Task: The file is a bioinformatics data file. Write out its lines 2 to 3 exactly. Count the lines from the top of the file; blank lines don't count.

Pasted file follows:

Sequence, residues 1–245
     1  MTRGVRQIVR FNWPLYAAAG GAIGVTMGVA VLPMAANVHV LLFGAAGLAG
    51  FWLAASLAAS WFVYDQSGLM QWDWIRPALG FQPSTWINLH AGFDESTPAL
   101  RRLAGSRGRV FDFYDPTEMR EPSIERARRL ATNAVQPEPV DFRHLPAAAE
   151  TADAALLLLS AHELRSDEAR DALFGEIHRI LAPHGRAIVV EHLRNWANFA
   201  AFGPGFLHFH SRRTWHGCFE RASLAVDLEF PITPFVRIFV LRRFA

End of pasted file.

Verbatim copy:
     1  MTRGVRQIVR FNWPLYAAAG GAIGVTMGVA VLPMAANVHV LLFGAAGLAG
    51  FWLAASLAAS WFVYDQSGLM QWDWIRPALG FQPSTWINLH AGFDESTPAL